The garden's aim is to produce local food and teach gardening techniques. Empowering people to produce their own food is especially important during this time of financial, societal and climate upheaval. The community garden will be totally run by volunteers, and consistently monitored by a committee. Benefits of Community Gardens Health Community gardens increase the public access to affordable, fresh, healthy food (1). People who participate in community gardens, on average, increase their fruit consumption by 10% (1) and areas with community gardens have less obesity (3). The act of gardening is a form of exercise and so participation in community gardens promotes physical activity (1,3). Urban agriculture is also linked to reductions in stress and positive mental health especially for those suffering from mental health problems (3). Community gardens generally promote public health and improve quality of life (1) Community Community gardens promote connection with the earth and with other people (7). Working with each other and sharing resources and time builds social relationships and stronger communities. Participation in community gardens is linked with increased voter registration, civic responsibility, and reduced rates of crime (3). Compared to other communal green spaces community gardens are small scale, low cost and highly used. Community garden areas of public parks see more visits than any other part of the park (2). Resilient Food System and Sustainability Urban agriculture increases food accessibility and local food security (3,1). This is of great significance to food insecure households (3). According to Safefood.eu, one in ten households in Ireland in 2018 suffered from food poverty (8). People who grow their own food, or are a part of a community garden save money by supplementing the food they buy (3). In Seattle growers were able to supplement their produce by 30-40% (3). Many urban agriculture projects produce more than they can consume and donate the excess food to community members and food banks (3). Increasing urban agriculture increases the resilience and sustainability of the city’s food system and reduces reliance on imported produce (3). This is especially relevant in the wake of the coronavirus. Local food is generally considered to be more sustainable because of the carbon cost associated with travel. Education Community gardens can be a great platform for skill shares and events like gardening workshops, and gardening tutoring, taste-testing events or discussion events (1). In one study 20% of students that started gardening in the community garden began gardening at home (1). Community gardens can be used by local schools. This is greatly beneficial for children as gardening helps develop fine motor skills and teaches them about patience, science and where their food comes from (2). Community gardens can host a variety of workshops and help people develop tangible agricultural and organisational skills (3). References 1.Community Gardens: Lessons Learned From California Healthy Cities and Communities | Joan Twiss, MA, Joy Dickinson, BS, CHES, Shirley Duma, MA, Tanya Kleinman, BA, Heather Paulsen, MS, and Liz Rilveria, MPA 2. Community Gardening By Katherine L. Adam NCAT Agriculture Specialist Published January 2011, 3.The Intersection of Planning, Urban Agriculture, and Food Justice: A Review of the Literature Megan Horst, Nathan McClintock & Lesli Hoey 4. Multifunctional Urban Agriculture for Sustainable Land Use Planning in the United States Sarah Taylor Lovell 5.Alma Anne Clavin (2011) Realising ecological sustainability in community gardens: a capability approach, Local Environment, 16:10, 945-962, DOI: 10.1080/13549839.2011.627320 6.The motivations and experiences of community garden participants in Edinburgh, Scotland David McVey, Robert Nash & Paul Stansbie 7.It takes a garden: Cultivating citizen-subjects in organized garden projects Mary BethPudup 8. https://www.safefood.eu/News/2019/New-research-reveals-households-on-low-incomes-need-to-spend-up-to-1-3-of-take-home-income-to-afford.aspx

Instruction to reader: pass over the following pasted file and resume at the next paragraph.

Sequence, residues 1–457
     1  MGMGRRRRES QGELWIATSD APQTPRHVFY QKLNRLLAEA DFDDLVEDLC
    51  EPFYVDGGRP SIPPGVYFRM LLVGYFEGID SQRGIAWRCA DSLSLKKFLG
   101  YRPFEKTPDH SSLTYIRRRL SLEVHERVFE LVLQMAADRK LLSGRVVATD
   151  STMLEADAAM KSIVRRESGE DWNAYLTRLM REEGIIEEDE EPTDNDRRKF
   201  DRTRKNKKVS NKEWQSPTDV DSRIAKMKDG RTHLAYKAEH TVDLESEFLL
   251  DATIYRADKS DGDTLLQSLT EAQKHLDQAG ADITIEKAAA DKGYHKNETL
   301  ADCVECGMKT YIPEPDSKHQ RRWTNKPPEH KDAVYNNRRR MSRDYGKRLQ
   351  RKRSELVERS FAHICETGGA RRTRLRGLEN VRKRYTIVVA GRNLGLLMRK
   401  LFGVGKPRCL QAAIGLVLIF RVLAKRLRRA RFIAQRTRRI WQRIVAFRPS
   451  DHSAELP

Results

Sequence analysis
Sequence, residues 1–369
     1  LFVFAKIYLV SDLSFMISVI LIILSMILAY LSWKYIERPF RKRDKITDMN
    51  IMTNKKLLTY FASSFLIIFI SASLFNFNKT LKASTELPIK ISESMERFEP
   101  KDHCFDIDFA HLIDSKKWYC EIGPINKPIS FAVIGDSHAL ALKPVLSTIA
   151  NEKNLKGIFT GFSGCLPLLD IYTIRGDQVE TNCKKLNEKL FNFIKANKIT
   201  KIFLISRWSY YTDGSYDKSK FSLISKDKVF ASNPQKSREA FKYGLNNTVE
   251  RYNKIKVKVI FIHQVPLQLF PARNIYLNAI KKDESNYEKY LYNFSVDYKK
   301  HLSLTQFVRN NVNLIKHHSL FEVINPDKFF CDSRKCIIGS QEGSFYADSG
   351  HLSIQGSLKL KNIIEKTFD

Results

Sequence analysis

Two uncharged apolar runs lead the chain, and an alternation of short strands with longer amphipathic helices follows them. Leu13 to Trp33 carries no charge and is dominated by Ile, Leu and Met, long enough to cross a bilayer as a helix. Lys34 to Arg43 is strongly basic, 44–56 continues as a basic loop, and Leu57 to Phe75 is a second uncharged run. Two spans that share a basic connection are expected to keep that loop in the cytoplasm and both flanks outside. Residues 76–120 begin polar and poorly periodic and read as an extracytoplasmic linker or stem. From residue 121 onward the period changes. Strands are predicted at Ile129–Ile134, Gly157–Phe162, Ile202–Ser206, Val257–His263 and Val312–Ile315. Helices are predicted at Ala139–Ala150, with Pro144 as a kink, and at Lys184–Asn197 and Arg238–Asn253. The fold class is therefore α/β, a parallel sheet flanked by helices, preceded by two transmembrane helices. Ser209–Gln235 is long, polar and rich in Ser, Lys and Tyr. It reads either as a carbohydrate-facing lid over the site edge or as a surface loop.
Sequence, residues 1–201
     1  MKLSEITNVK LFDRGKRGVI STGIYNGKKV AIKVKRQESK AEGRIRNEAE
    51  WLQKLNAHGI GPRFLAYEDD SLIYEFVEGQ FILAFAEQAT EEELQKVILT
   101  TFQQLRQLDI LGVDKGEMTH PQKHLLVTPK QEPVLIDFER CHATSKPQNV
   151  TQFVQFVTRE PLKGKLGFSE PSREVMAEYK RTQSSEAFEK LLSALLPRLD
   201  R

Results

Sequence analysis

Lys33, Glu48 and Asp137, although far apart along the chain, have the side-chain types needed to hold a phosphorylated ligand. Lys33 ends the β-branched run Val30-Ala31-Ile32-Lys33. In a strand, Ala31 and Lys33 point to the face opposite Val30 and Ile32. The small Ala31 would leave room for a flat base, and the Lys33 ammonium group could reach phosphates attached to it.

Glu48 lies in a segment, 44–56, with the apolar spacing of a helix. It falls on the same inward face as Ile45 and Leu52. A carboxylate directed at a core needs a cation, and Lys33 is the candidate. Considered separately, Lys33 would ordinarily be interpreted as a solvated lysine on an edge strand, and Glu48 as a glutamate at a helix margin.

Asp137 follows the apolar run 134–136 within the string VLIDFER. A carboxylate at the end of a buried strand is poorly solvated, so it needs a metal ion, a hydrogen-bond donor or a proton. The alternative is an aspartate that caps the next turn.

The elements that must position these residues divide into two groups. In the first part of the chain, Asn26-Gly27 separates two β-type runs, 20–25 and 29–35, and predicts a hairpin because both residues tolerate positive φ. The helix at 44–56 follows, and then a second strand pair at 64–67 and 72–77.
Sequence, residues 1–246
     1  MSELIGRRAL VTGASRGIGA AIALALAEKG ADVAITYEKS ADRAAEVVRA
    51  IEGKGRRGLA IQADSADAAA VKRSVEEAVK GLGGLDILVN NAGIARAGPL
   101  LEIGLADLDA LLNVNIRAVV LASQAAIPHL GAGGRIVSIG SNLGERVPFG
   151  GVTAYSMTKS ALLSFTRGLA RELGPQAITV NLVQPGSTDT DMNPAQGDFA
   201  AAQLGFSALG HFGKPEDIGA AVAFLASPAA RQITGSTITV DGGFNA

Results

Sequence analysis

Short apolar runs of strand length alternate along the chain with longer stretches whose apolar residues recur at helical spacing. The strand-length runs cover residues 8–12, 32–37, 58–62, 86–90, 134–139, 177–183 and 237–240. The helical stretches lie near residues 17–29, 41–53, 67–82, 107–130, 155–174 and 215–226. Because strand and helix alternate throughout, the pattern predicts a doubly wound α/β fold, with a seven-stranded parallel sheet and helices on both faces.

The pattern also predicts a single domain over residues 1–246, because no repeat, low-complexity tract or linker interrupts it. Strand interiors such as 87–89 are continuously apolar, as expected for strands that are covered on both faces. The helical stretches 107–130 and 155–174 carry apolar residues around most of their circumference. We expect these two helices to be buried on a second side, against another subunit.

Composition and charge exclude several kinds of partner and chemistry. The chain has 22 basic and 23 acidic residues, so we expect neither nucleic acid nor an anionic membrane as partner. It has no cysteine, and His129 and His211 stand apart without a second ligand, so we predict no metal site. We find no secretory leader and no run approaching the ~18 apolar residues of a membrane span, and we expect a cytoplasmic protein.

91 of 100 Signatures
    Created by Saoirse Sheehy Ariff
  • ASK FOR A PHASE-OUT OF PETROL VEHICLES
    The extraction, transport, refining and use of petroleum and petrol cause damage to people, air, water, land, animals and plants. Gasoline engine exhaust pollutes the air, causing asthma, heart and lung disease, cancer, dementia and thousands of premature deaths each year. Vehicle exhaust affects children, disadvantaged communities and communities of color most, with disproportionate impacts on health, finances and quality of life. How will it help reduce pollution? Emissions of nitrogen oxides (Nox) - which come from car exhausts - regularly exceed safe levels in many cities. Diesel vehicles produce the overwhelming majority of roadside Nox gases. So removing petrol and diesel vehicles from the roads should help bring air quality within the guidelines set out by the World Health Organization (WHO). Air pollution has been a concern for decades. But the issue gained renewed urgency when the UK government lost court cases over its plans to reduce nitrogen-dioxide levels.
    7 of 100 Signatures
    Created by Slava Digriz Picture